On my third birthday, I received a coloring book from my sister. Child as I was, I found myself spending endless hours hiding in the closet, scribbling tediously over increasingly more intricate designs with color patterns that both made sense and looked pretty. I drew my inspiration from my parents’ old walk-in closet – the one I sat in while I colored – housing my mother’s brightly colored dresses and silk scarves, and my father’s soft cashmere sweaters and numerous ornate ties. The one detail of this experience that never fazed me was that the coloring book never seemed to run out. With my reasoning still undeveloped, I didn’t quite realize that my mother was always slipping me a new one when the remaining pages dwindled, but nevertheless, I still think there was just something about that closet. I learned two things from all of this: first, and foremost, I am a perfectionist and second, magic at any age is only what you make it out to be.
Although I moved from that apartment with the magical closet well over ten years ago and finally admitted that it wasn’t the source of my many coloring books, I find myself believing in magic more and more. But rather than wands and wizardry, I see magic as something quite different. It is dissatisfaction with reality as it stands, then taking that resolution of discontent to change the world. A park bench, a cardboard box, a mirror, a closet, the simplest of things can be transformed by a child armed with magic. The bench becomes a pirate ship, the box becomes a cave, the mirror becomes an entrance to another world, and the closet becomes a treasured hideaway that makes its occupants invincible. The way I see it, magic is an inherent power within us all.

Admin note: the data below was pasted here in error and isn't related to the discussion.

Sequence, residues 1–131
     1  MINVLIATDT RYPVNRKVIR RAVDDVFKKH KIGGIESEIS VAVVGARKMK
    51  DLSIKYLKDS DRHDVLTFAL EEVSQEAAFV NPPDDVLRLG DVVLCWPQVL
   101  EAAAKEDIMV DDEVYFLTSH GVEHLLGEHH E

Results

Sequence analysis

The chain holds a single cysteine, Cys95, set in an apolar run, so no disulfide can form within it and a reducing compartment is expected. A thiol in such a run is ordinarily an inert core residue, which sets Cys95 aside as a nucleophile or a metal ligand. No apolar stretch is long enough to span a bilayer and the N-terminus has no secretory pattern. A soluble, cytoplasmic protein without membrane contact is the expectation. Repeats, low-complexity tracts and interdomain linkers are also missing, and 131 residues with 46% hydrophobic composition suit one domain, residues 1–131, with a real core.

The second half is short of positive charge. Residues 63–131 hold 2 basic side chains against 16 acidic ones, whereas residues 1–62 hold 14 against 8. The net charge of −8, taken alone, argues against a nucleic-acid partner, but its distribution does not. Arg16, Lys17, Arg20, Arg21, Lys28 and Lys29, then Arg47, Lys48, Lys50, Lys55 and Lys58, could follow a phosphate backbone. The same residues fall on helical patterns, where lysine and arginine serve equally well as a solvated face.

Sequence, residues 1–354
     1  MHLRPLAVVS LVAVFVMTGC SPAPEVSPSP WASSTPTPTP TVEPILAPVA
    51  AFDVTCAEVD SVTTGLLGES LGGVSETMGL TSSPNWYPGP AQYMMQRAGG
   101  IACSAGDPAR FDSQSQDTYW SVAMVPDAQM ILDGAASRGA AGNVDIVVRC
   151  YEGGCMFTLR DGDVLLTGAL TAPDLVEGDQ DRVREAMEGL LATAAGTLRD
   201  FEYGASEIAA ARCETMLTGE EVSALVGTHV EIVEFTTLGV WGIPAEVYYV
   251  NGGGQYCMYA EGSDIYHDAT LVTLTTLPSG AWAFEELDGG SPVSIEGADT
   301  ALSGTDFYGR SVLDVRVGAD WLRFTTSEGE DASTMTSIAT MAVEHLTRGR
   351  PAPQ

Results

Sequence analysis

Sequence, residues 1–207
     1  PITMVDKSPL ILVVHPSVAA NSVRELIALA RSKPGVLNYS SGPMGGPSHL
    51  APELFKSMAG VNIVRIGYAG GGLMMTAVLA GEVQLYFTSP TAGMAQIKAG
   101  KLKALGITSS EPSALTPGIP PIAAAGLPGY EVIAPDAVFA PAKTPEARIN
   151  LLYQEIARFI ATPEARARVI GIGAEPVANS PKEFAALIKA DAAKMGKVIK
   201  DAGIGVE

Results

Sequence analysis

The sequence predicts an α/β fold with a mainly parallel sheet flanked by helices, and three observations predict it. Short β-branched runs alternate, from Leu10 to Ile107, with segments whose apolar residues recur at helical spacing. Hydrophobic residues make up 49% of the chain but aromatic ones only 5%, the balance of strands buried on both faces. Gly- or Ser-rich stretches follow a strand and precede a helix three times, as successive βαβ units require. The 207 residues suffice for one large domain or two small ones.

It is a popular belief that the world is only filled with hatred and greed, but the view from where I sit seems to showcase the fact that magic is everywhere. Oftentimes, it’s not particularly fanciful or majestic, but it’s always there amongst the everyday miracles and silent heroes. It peeks out from behind the microphone center stage and lingers near the dark forest on a starless night just to lend a little pixie dust to the believer in need. It is power. It is confidence. It is finesse.
It is wonderful.
Equipped with this knowledge, the possibilities are limitless. In my
case, rather than finishing the coloring book as fast as possible, I worked diligently, drawing upon the magical power of my closet, my crayons, and my imagination; they all made me strive for the perfection I wanted to achieve. I was taking pride in the small successes with each finished page that made its way on the refrigerator door. Every day I believed in the closet, I believed in myself.
Thus is the magic of a child’s first coloring book.
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